Photos & Review by Max Stewart
What John Mayer does defies logic. He is a massively successful solo artist in the pop rock realm, selling out arenas with catchy, well-crafted songs consistently since his debut album Room for Squares in 2001. It is a rare feat for any musician to maintain mainstream relevance in the ever-changing landscape of music, so that alone is admirable. But he is also an otherworldly guitarist that can seemingly play whatever style he wants with ease.
If we are talking the blues, he has been praised by greats such as Eric Clapton and B.B. King, and ended up starting the fantastic John Mayer Trio in 2005 alongside the elite players Pino Palladino on bass and Steve Jordan on drums. If we are talking ‘jam bands’, at some point he heard the song “Althea” on Pandora by the Grateful Dead, and after never being a ‘Deadhead’ at any point in his life he dove headfirst into the band’s catalog. Cut to a few years later he mastered the songs so effectively he was offered a spot to join the founding members of the Grateful Dead to form Dead & Company.
All the while, he has transcended into new sonic realms in his solo career while maintaining commercial appeal, most notably on Born & Raised and Continuum.
John Mayer has taken a ‘traditional’ route to music success and turned it on its head. He is living proof that if you have enough talent and fortitude, you can truly do it all. When he announced a solo tour this year, it seemed to be an attempt to get back to his formative singer-songwriter days. Bear in mind, this is a legitimate solo live music affair, no backing musicians lurking in the shadows as a vocal or instrumental crutch. Just Mayer and his guitar or piano (or even both simultaneously in some songs). It takes real courage to take the stage without a net in front of a huge crowd. But if anyone has the skillset and confidence to be able to pull that off, it is Mayer.
On a Monday night in March, Mayer sat down with an acoustic guitar and barreled through songs over his storied career for the packed house at Atlanta‘s State Farm Arena. Opening the show with “Slow Dancing in a Burning Room”, the sold-out audience stood to its feet and roars of cheers echoed the arena walls. He pulled out a beautiful 12-string acoustic Martin guitar for “Heartbreak Warfare”, which added depth and new layers to the 2009 release.
A few songs into the set, a 2002 video from Mayer’s Room for Squares album promotion played on the screen, highlighting how far he has come. “More so tonight, more than ever, it’s really about these songs. Because as I play them, I remember them. I played a lot of places around here…” Mayer noted after the Georgia crowd belted every line from “Why Georgia”.
What some people don’t know is that Mayer actually got his start in the Atlanta area. Understandably, you may be asking yourself, Why Georgia? Sorry, I had to do it. Well as it turns out, the Connecticut native was roommates with current Zac Brown Band guitarist Clay Cook at the Berklee College of Music, and Cook convinced him to come down to ATL so they could pursue their musical dreams (they actually had a duo for a while called Lo Fi Masters). Mayer played many local venues in Atlanta in his early days, most notably Eddie’s Attic in Decatur, where he also worked the door. Legend has it that he wrote some of his first songs while manning the door by the entrance to the intimate room (“that is why we don’t let doormen perform anymore” an employee once jokingly told me). He also shot the cover to his debut EP Room for Squares at the Majestic Diner on Ponce De Leon Avenue. He ended up growing a local audience, winning open mics, and eventually got signed by Columbia. The rest is… well, you know.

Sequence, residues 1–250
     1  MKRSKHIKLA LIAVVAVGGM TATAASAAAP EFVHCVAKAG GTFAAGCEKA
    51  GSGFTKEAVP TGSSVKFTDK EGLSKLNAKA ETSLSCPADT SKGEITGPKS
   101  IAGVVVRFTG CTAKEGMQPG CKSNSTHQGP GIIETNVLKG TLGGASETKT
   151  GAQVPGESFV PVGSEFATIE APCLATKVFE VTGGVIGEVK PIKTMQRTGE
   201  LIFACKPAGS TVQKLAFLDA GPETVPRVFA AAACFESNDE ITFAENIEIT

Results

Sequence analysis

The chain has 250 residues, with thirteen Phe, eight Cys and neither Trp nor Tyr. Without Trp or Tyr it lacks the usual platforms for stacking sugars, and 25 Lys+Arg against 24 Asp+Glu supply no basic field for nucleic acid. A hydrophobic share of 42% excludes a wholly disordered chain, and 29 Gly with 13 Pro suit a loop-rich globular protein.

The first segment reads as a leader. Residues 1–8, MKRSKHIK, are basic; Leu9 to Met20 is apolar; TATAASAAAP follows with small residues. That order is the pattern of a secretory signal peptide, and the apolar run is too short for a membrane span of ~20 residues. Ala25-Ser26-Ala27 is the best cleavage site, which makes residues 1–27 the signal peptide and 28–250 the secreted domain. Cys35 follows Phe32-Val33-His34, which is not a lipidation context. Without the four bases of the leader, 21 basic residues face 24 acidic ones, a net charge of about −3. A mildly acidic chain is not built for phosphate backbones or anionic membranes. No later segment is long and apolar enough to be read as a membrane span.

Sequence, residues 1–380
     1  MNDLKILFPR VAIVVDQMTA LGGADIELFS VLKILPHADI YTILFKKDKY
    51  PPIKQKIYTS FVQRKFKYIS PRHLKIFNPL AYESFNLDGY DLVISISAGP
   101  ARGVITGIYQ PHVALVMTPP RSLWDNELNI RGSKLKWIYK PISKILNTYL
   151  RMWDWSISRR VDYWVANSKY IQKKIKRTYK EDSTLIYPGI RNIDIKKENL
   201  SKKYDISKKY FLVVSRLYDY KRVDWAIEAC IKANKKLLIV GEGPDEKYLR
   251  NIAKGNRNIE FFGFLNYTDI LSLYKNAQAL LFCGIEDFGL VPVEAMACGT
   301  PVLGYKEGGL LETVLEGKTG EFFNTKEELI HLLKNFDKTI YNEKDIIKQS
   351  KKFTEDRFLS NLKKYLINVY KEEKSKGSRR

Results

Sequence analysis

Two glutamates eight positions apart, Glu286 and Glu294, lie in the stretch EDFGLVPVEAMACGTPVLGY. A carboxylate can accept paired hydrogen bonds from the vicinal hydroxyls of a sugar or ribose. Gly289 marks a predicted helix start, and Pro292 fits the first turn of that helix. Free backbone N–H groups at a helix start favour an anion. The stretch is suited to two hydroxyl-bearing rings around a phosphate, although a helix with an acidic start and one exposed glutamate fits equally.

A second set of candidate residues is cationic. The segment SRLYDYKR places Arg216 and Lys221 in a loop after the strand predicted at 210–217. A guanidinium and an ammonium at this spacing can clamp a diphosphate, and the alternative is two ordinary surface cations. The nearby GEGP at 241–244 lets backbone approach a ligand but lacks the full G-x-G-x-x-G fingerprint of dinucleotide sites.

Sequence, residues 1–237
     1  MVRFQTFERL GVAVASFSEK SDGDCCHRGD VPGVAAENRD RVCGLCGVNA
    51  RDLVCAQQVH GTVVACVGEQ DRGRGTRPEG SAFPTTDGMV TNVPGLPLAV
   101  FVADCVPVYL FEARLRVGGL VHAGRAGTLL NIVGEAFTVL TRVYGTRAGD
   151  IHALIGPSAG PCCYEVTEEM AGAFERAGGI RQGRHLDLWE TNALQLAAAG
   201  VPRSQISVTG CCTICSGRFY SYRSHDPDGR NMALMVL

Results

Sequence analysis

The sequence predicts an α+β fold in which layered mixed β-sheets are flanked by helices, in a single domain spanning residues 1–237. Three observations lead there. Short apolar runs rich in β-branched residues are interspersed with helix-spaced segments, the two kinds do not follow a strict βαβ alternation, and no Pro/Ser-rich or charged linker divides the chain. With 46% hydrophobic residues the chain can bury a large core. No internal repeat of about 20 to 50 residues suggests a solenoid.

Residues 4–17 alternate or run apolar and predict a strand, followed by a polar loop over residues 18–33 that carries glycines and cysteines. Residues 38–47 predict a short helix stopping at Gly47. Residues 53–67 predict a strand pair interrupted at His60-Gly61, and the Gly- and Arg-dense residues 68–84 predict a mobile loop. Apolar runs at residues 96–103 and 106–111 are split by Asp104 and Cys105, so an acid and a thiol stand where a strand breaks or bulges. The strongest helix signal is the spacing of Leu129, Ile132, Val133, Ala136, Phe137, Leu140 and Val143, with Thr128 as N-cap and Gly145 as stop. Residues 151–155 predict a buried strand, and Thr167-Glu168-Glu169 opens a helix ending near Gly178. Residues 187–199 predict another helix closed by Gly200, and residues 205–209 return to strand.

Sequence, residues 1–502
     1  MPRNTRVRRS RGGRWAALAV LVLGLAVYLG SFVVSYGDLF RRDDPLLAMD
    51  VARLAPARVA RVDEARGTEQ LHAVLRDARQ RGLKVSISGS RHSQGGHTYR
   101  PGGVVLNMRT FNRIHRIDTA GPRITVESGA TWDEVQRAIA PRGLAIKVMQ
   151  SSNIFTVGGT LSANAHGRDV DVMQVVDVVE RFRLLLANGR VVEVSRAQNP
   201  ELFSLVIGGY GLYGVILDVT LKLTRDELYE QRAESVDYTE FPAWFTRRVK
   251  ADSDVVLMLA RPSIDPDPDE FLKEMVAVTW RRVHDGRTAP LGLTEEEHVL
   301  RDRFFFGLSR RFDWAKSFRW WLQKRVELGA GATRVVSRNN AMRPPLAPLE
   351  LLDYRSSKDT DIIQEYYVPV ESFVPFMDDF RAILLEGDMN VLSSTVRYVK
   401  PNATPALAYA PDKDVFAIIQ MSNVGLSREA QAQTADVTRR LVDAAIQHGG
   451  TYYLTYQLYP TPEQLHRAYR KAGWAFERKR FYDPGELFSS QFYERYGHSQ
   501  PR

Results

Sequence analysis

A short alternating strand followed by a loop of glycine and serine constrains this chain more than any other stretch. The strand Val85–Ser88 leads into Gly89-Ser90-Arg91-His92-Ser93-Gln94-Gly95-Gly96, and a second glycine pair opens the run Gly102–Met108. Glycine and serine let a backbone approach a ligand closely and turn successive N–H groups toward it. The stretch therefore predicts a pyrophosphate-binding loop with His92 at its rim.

The hometown vibe definitely made the set feel loose and Mayer seemed at ease with the audience. “Neon” may have the most complicated riff for a pop song ever, but he introduced the song with a quick guitar lesson and excellent instrumental section to ease the crowd in. “In the spirit of being in Atlanta with just an acoustic guitar, I’m going to play a new song..” Mayer said before he went into the song, “Driftin'”. It is almost unheard of for an artist deep into their career to still be prolific with new songs worth listening to, but “Driftin'” was one of the best songs of the set.
Throughout the tour, Mayer has been playing medleys of tunes, sometimes taking nods from signs that audience members hold up. He even took a request from someone at a show in Pittsburgh, who had a sign that read ‘Please play “A Face to Call Home” in Atlanta.” Mayer admired the specifics and foresight of the request, so could not help but go through with it.
In another example of taking sections of songs and interweaving them, “Something’s Missing” leading into the superb riff of “In Your Atmosphere” flowed perfectly. Mayer also sat down on piano for a few songs, including a mind-boggling display of playing guitar and piano interchangeably on “Changing”. Seeing the tune “If I Ever Get Around to Living” live, where the varied melodies of the verses shine brightly on a double-neck acoustic guitar, was a highlight of the night.
It is clear that throughout his vast musical career, Mayer has grown as an artist and his musical and songwriting acumen has sharpened at every turn. He has taken pieces of the Dead, the blues, and all things in between and added them all to his solo artist toolkit. John Mayer’s nonlinear pathway in his musical journey ultimately led him back to where it all started in Atlanta with just an acoustic guitar in hand, and we do not see the adventure ending any time soon.